Sammy Sosa’s Hall of Fame chances were over before they ever began

Baseball Hall-of-Fame voters never gave Sammy Sosa a chance at Cooperstown, and it’s a damn shame.

2022 is Sosa’s tenth and final chance at the Hall of Fame. Despite 609 home runs and a career .273/.344/.534 slash line, Sosa is unlikely to earn his opportunity at baseball immortality thanks to the steroid scandal.

Sosa’s only confirmed link to PEDs came in 2003, when he failed a random drug test. Even commissioner Rob Manfred has suggested that test had sketchy optics, so should we really be taking it as an end-all, be-all?

Regardless of Sosa’s on-field accomplishments, he was grouped with dozens of players linked to performance-enhancing drugs, which includes Barry Bonds, Alex Rodriguez and Roger Clemens. Strangely enough, David Ortiz seems likely to avoid that same fate despite a similar positive test in 2003, but we’ll save that discussion for another day. The great Ken Rosenthal examined it in a recent article in The Athletic.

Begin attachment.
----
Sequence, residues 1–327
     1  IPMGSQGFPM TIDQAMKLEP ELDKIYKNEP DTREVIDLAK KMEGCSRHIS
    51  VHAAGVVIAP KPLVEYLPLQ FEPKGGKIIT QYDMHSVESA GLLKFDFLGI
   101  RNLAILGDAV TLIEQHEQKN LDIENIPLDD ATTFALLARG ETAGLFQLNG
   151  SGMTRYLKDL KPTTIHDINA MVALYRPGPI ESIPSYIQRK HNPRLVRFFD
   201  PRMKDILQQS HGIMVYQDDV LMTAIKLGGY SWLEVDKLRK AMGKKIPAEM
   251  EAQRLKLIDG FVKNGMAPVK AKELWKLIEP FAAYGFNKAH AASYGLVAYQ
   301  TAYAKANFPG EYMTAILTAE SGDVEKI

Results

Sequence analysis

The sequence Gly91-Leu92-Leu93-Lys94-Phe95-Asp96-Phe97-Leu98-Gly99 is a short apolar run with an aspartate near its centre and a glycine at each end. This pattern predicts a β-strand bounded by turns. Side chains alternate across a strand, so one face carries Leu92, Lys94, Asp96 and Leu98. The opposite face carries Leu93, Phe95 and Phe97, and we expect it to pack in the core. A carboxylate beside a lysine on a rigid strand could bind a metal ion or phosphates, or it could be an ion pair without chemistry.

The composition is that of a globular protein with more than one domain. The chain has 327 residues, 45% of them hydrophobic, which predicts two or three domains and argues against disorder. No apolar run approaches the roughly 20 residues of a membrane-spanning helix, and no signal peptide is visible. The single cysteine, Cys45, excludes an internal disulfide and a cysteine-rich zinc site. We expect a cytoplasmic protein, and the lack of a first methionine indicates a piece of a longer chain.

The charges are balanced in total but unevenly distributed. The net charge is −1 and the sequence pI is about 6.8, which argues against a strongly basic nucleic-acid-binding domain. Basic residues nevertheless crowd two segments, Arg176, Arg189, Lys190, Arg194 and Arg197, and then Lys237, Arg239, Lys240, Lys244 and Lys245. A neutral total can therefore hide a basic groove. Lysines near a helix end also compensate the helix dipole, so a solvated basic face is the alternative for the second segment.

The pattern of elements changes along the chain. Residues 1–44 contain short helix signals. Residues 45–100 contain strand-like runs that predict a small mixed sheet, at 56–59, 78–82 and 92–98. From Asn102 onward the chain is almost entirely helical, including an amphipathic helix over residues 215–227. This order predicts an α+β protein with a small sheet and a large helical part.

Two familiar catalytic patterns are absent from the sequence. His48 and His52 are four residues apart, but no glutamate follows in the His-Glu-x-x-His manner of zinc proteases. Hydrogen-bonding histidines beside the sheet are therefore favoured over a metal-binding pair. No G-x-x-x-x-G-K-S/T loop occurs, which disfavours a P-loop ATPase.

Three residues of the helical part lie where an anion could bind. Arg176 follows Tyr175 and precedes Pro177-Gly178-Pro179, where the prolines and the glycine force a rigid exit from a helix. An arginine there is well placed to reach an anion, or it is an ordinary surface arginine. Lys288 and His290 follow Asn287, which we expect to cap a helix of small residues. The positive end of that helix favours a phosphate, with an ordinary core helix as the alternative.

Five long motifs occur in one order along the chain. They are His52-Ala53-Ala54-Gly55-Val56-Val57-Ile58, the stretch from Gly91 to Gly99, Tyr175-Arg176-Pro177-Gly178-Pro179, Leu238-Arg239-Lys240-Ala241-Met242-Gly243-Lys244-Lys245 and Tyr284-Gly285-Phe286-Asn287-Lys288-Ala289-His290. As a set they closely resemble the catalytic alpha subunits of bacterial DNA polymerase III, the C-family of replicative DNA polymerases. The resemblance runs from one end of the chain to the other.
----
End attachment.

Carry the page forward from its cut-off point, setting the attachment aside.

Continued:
Why won’t Sammy Sosa make the Hall of Fame?

Sosa’s heyday took place in an era without regulated testing for performance-enhancing drugs, so for the large part the supposed ‘fact’ that he took steroids, or something of the sort, is more of an assumption. Is it fair to keep Sosa out of the Hall based on nothing more than a belief?

The longtime Cubs slugger is deemed a creation of performance-enhancing drugs — a symbol of his era, if you will. Mark McGwire often falls into the same category, as the two battled for the infamous 1998 home run crown. Sosa finished with 66 homers, while McGwire hit 70. It was a Summer that revitalized baseball among younger fans.

Hall-of-Fame voting in the steroid era is flawed and subjective, it just is. There’s no way of avoiding it. For many writers, it’s attempting to decide if a player would’ve still been Hall-of-Fame caliber without the help of an outside substance — surely an impossible task for even the most knowledgable scribes.

Sosa is worthy of a spot in Cooperstown, one way or another. The Summer of ’98 ought to be revered, not feared, even if it did come with a little help.

And for the record, Sosa has long denied using steroids, despite his 2003 test.

The truth is that we don’t know, and that’s enough to keep Sosa out of the Hall.

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